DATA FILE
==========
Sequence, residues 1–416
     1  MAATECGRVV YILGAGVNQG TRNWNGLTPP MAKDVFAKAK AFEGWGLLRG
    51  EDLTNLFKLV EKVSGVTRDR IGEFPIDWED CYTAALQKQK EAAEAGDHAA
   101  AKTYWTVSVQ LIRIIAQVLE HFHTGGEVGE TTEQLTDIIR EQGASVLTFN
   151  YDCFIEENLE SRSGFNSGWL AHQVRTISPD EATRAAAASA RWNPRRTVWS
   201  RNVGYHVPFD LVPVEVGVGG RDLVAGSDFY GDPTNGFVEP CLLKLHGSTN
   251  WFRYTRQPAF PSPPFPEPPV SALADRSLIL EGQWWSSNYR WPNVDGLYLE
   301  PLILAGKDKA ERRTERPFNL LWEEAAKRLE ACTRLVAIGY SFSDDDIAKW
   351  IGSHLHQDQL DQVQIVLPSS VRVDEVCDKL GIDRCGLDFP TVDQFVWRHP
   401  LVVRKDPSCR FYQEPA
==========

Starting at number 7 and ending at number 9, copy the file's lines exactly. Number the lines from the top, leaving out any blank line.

   251  WFRYTRQPAF PSPPFPEPPV SALADRSLIL EGQWWSSNYR WPNVDGLYLE
   301  PLILAGKDKA ERRTERPFNL LWEEAAKRLE ACTRLVAIGY SFSDDDIAKW
   351  IGSHLHQDQL DQVQIVLPSS VRVDEVCDKL GIDRCGLDFP TVDQFVWRHP